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High-tech video evolution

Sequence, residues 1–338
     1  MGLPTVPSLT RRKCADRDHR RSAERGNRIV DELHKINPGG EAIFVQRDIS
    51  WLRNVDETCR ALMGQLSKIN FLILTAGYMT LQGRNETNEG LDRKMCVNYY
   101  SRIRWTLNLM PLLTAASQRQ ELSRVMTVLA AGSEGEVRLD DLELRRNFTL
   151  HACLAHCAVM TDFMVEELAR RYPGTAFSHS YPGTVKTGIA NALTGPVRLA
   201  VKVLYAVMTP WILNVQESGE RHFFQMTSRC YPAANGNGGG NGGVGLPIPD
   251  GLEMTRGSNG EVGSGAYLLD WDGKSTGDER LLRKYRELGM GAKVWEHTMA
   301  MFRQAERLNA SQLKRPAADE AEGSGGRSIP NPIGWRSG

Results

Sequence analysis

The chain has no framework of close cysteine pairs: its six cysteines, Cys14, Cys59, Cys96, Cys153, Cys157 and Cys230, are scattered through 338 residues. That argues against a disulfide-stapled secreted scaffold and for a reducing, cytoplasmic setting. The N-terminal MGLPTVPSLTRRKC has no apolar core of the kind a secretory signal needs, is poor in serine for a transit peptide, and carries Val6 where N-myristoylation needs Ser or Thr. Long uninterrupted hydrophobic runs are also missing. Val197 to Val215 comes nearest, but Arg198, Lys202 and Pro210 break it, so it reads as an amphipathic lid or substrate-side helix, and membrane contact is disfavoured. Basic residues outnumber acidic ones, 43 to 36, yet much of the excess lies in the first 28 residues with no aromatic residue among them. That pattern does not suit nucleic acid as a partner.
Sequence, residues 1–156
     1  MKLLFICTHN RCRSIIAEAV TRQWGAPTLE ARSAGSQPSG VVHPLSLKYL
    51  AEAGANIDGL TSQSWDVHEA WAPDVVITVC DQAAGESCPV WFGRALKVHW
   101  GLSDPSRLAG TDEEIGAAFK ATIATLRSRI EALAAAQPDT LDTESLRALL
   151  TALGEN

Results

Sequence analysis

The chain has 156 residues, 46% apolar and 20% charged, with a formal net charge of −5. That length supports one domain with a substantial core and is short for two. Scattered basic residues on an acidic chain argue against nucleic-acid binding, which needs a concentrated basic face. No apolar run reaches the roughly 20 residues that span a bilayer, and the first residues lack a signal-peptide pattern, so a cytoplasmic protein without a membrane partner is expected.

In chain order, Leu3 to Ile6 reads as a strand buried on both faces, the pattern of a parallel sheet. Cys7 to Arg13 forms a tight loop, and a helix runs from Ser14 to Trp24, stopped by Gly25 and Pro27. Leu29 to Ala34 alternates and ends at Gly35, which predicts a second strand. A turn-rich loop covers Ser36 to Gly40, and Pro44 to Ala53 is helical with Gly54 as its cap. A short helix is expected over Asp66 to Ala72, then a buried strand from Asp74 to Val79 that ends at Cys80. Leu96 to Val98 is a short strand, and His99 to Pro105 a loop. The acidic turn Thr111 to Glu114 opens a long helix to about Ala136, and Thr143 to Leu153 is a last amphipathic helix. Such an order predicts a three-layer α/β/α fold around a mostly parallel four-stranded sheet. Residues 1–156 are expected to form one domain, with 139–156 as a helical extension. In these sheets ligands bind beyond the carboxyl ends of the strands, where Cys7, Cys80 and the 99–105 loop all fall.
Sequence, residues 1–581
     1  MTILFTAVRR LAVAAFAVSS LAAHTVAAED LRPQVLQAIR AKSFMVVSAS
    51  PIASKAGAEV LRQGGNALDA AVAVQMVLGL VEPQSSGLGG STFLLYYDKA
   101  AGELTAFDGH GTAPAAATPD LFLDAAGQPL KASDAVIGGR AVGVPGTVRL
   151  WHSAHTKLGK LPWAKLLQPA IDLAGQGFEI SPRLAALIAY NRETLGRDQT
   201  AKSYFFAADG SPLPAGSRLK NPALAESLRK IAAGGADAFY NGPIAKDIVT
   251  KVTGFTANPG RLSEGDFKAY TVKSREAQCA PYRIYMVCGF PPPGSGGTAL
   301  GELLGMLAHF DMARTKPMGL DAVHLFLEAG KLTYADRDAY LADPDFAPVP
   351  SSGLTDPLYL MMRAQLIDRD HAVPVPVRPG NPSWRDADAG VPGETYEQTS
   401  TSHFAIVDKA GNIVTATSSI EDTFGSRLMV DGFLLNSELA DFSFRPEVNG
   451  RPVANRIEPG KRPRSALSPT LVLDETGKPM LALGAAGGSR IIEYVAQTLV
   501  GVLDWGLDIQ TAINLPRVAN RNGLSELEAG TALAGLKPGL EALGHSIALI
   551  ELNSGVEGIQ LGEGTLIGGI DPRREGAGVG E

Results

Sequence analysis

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This time last year, b-to-b advertisers were using video, but what they were doing could be compared to Dorothy's Kansas in “The Wizard of Oz”: boring and gray. Today, video advertising has evolved, said David Berkowitz, 360i's director of emerging media and client strategy, because it's had to change to continue to attract prospects and customers. “As [high definition] becomes the default online, and end-user expectation goes up ... b-to-b marketers are more willing to invest in the user experience,” he said. That willingness is paying off for publishers and ad networks, according to a report from the Interactive Advertising Bureau (IAB) in conjunction with PricewaterhouseCoopers. The March report, “Internet Advertising Revenue Report,” shows digital video revenue more than doubling from 2007 to 2008, jumping from $324 million to $734 million. “Overall, video advertising for b-to-b has traditionally been a challenge, especially because of the high costs; but ... [it] evolved last year, and b-to-b marketers have more offerings, especially with the rise of the [video] overlay,” said Jeremy Fain, VP-industry services at the IAB. “Marketers can even take advantage of video without having video assets, while those who want their own video are at a better advantage since operational costs and time-to-market have all gone down.” The biggest change, said Catherine Spurway, VP-strategy and marketing at PointRoll, a subsidiary of Gannett Co. and a rich media online advertising provider, is that marketers are no longer simply repurposing video. They are creating original content for the Web. Better production quality and a Web-specific focus means videos are more appealing. Videos are also more interactive, she said. “Now, you can have hot spots [clickable links] in the video for deeper exploration. You can give viewers a choose-your-own-path option. For example, a recent Canon [Inc.] video ad gave viewers the option to configure their copier right from the ad unit.” Marketers also have more choices in terms of placement, said Doug McCausland, director of technology at Agency.com, an interactive agency. “We can incorporate video into virtually any setting to help users listen, learn and navigate,” he said. Video isn't limited to a box or a banner. Smart phones and PDAs let video go mobile, too, said Sam Sebastian, director of b-to-b markets at Google. “The iPhone, the Android-based G1 and the BlackBerry Storm each have a YouTube client,” he said. “Hopefully, all mobile devices will soon have viable Adobe Flash plug-ins, which will make it a lot easier for everyone to watch various types of streaming video content from anywhere.” And marketers have another option, too. Those marketers who aren't up to shooting their video assets or designing Ajax or Adobe Flex- or Flash-based media units can, as the IAB's Fain said, turn to video overlays to make the most of someone else's video assets. These overlays can also be interactive, so marketers can bring prospects back to their own Web sites or cull contact information from their interactions. One of its features—and one of the reasons marketers are starting a love affair with video—is the remarkable amount of metric data that comes from a video placement, said Wes Benel, senior campaign manager at EyeWonder, a video and rich media advertising company. EyeWonder's offerings have a real-time reporting system that tracks about 25 metrics, including when videos are played; whether or not audio is on; the percent of video viewed; brand interaction time; and impressions by date and hour. There are, however, some stumbling blocks that b-to-b marketers still need to overcome. Discoverability (how your prospects find your video assets) is still an issue. You can't dump your latest video case study onto your Web page and hope that someone stumbles across it. That's why integration is essential, said Pointroll's Spurway. “It's important for marketers to have a visible presence across the Web, and video can tie in to every medium out there.” Marketers can provide links to video assets via e-mail and place video on landing pages for search campaigns. Going forward, search and video integration will get a boost as searchable video becomes the norm, said 360i's Berkowitz. “We've already seen Google and Yahoo experiment with it,” he said. “Marketers can start by optimizing titles and links.” Social networking presents an enormous opportunity for marketers. B-to-b prospects are spending time on such social networks as Facebook, LinkedIn and Twitter—sharing their favorite video assets. Marketers that can find a way to help will be ahead of the game, the IAB's Fain said. Marketers must also remember their audience, something that doesn't always happen today, said David Hallerman, senior analyst with eMarketer. “The b-to-b audience's time tolerance isn't as strong for business-related video as it for consumer entertainment video; people don't always have time,” he said. “You can't just scan video. Either you pay attention or you don't; and sometimes a four-minute video is demanding too much.” You also have to watch frequency, since multiple placements can hurt your brand, the IAB's Fain said. “There's not a lot of frequency-capping going on right now. We see a lot of people sponsoring a video asset and every ad will be the exact same one. This annoys the user. You see it because this is the way that b-to-b publishers are selling their inventory.”
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